After a bleak and depressing year, November's grey weather has proved the last straw for Russia's richest - and they're turning to a spot of retail therapy.
But while the rest of us fret over a few Christmas treats, the trinkets these guys have in mind are works of art.
A gleeful Alexis de Tiesenhausen, Russian art specialist at Christie's in London, told the Wall Street Journal of their Russian collection this week: "Russian collectors have grown bored of the crisis. We lost a few clients, but others have finally arrived."
Christie's expects to rake in $11.5 million from its Russian sales, while Sotheby's is anticipating $24.6 million. But both houses note a switch away from cutting edge contemporary artists - who can continue to suffer in the recession - and a new interest in pre-revolutionary tsarist opulence.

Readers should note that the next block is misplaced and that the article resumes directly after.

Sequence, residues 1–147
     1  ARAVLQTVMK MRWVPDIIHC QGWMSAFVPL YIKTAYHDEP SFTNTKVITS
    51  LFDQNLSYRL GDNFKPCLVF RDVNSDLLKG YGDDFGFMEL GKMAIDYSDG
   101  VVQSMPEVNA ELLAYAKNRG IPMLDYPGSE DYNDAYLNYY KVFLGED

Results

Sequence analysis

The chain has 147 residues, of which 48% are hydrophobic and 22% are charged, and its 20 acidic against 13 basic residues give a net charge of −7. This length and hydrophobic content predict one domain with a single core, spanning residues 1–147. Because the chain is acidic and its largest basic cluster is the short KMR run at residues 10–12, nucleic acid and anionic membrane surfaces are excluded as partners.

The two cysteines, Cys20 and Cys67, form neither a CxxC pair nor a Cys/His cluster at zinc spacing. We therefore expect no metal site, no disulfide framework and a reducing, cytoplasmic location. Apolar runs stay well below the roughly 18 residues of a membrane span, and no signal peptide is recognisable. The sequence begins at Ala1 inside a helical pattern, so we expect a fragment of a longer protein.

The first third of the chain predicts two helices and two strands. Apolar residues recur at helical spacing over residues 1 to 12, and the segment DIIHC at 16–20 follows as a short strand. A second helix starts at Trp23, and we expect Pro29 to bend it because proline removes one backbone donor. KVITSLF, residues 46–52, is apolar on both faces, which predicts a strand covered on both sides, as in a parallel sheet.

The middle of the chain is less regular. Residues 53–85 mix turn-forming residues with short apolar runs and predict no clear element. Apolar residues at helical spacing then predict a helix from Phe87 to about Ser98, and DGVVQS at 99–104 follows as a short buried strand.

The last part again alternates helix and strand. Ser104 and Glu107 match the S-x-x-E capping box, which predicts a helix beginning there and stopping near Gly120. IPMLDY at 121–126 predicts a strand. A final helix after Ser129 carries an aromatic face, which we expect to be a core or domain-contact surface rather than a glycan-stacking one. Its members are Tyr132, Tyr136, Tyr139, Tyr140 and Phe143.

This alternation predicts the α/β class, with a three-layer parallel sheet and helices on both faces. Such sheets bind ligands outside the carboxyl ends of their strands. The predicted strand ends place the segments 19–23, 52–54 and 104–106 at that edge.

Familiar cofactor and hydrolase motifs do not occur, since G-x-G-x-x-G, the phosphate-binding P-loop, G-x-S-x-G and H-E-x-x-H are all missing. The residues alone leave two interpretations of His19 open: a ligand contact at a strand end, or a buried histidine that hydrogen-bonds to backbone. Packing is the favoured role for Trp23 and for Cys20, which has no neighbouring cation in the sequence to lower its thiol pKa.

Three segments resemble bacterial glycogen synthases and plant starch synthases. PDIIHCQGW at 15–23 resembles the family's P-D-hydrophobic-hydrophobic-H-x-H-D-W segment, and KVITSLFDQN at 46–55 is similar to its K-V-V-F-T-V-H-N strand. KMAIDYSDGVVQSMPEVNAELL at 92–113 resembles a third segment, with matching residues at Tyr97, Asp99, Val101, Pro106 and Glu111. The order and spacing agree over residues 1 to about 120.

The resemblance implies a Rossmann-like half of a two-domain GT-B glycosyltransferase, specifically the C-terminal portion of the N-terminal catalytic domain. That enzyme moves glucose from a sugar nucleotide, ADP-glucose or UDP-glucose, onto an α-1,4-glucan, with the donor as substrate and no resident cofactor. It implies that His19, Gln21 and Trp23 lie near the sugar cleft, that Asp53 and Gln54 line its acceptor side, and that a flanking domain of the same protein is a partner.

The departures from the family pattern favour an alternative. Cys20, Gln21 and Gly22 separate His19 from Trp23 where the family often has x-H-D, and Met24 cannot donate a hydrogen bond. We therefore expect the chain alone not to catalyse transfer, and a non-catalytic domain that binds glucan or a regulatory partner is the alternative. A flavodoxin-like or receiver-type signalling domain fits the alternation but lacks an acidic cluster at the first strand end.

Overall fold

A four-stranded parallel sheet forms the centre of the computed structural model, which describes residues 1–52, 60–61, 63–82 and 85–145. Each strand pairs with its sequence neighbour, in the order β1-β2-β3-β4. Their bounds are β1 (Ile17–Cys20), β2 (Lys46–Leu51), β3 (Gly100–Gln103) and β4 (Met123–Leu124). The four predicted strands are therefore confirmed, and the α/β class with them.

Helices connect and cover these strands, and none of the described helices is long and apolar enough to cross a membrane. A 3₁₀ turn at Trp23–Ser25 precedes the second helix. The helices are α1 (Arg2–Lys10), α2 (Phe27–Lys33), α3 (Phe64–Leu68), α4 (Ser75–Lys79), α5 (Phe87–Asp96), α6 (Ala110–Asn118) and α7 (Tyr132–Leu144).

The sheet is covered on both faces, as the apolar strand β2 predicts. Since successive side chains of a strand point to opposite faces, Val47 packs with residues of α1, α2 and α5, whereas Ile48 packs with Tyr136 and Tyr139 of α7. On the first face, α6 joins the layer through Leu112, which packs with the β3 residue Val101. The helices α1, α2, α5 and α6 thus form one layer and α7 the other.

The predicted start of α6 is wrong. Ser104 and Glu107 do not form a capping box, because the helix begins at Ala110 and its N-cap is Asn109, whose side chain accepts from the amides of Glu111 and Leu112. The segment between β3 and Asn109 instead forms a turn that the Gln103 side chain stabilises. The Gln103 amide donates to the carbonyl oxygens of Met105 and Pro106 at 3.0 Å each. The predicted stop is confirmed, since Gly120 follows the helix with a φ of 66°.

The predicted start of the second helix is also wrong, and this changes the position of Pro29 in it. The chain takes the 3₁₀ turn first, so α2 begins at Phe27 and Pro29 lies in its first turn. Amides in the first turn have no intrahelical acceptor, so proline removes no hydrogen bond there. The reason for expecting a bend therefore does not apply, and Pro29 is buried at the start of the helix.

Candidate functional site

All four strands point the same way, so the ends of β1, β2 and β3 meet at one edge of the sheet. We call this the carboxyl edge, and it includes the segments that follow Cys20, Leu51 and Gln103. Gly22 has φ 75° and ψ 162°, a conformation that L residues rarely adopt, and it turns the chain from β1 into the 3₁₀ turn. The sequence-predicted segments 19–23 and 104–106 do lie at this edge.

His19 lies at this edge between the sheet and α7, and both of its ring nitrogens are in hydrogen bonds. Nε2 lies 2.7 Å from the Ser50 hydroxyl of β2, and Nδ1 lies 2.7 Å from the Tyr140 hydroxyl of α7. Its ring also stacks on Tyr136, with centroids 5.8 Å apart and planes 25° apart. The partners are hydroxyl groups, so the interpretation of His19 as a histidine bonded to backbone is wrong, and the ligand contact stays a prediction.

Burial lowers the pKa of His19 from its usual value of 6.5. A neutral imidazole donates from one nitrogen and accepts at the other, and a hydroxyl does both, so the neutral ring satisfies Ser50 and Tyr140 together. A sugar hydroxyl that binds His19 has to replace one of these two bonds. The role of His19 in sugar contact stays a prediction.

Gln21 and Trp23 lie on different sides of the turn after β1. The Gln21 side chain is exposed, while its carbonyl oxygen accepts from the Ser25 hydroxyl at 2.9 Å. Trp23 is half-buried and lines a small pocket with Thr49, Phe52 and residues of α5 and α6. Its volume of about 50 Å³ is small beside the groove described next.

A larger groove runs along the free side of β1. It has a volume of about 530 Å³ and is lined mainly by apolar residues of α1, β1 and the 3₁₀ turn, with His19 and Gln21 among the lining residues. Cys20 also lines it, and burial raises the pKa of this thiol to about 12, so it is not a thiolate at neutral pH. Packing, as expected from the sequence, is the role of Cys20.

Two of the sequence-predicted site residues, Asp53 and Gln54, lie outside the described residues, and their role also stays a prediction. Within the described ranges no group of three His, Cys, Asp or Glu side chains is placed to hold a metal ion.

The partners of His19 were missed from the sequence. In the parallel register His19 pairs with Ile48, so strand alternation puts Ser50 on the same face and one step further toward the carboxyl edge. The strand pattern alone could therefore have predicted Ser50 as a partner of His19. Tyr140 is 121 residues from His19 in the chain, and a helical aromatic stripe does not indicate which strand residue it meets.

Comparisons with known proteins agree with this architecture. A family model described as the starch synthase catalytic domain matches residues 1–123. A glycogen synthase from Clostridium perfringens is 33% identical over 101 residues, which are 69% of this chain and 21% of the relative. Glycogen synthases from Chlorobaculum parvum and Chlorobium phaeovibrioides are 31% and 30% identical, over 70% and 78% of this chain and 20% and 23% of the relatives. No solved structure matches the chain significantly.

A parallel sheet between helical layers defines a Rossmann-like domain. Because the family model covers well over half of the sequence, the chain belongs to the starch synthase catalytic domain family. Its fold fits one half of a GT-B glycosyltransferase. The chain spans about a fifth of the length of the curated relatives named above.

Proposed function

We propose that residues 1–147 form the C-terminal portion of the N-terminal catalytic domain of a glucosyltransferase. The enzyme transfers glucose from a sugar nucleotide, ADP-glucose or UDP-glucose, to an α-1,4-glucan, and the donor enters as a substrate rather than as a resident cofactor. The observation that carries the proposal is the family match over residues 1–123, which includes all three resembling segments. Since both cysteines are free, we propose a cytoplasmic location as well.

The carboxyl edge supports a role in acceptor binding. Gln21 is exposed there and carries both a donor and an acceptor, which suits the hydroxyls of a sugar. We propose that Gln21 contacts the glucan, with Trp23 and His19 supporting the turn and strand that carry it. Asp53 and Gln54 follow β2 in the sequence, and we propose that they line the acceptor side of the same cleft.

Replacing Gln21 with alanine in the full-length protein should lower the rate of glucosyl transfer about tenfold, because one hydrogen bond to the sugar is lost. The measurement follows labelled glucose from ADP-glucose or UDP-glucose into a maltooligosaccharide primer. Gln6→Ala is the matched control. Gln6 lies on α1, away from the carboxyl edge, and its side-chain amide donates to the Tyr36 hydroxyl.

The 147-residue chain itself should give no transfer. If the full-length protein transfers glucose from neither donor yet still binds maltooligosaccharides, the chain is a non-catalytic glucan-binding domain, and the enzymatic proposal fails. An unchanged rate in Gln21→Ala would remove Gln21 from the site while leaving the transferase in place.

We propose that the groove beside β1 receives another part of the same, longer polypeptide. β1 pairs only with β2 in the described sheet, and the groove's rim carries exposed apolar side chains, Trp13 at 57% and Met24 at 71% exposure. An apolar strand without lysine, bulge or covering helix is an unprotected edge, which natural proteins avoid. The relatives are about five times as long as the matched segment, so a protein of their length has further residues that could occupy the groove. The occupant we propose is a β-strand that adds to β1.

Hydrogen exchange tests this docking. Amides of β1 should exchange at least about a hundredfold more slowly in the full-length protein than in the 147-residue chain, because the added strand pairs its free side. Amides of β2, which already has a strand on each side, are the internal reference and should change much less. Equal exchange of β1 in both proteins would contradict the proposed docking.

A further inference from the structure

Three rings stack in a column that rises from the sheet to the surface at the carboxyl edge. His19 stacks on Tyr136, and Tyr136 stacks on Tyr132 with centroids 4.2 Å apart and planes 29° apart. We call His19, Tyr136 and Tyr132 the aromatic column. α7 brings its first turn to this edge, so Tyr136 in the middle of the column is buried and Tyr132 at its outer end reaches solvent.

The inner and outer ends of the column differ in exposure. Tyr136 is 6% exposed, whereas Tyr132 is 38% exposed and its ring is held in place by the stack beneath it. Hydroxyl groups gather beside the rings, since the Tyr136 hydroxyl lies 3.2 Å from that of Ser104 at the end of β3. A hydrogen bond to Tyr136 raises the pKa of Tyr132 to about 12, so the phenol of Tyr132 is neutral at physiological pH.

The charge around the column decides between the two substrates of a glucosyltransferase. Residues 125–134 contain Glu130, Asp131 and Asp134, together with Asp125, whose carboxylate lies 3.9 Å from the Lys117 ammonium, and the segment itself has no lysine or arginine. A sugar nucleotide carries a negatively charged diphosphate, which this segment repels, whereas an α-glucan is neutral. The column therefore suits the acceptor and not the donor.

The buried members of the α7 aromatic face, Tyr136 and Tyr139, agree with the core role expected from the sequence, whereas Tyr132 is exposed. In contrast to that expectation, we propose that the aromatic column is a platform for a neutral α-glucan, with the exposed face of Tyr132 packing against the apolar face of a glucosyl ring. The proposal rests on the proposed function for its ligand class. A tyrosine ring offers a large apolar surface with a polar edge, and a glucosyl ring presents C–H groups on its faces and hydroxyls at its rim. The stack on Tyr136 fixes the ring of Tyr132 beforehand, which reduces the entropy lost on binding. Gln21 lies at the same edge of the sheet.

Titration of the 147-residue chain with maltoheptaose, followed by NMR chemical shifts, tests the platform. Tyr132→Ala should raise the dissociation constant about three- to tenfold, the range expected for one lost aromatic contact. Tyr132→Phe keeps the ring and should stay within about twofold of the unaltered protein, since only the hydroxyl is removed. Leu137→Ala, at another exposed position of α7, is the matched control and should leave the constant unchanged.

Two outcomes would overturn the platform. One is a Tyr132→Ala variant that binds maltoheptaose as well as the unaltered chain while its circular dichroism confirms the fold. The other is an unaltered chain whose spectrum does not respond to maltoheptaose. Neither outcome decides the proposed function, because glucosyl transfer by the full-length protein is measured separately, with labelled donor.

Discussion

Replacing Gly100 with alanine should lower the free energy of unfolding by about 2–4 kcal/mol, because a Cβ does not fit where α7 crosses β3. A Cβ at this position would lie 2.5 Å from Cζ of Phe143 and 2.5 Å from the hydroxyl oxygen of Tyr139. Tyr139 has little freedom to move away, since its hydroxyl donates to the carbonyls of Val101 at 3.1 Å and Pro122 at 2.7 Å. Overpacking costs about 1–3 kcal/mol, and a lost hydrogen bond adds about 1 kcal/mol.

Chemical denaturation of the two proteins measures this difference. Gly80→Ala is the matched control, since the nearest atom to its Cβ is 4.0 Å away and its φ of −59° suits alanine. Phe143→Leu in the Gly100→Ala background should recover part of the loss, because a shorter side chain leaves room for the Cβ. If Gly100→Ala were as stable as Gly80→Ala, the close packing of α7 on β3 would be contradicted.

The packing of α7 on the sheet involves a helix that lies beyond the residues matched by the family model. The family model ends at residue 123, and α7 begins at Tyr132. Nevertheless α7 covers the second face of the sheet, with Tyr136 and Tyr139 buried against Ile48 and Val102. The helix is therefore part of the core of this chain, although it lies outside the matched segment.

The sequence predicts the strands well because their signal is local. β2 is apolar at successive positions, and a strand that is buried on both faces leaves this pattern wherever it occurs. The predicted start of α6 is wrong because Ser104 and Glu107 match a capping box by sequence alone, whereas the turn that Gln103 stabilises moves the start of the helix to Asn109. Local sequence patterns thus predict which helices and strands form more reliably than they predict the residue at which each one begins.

Among the luxury items going under the auctioneer's gavel are a set of Fabergé cigarette cases previously owned by a son of Tsar Alexander II.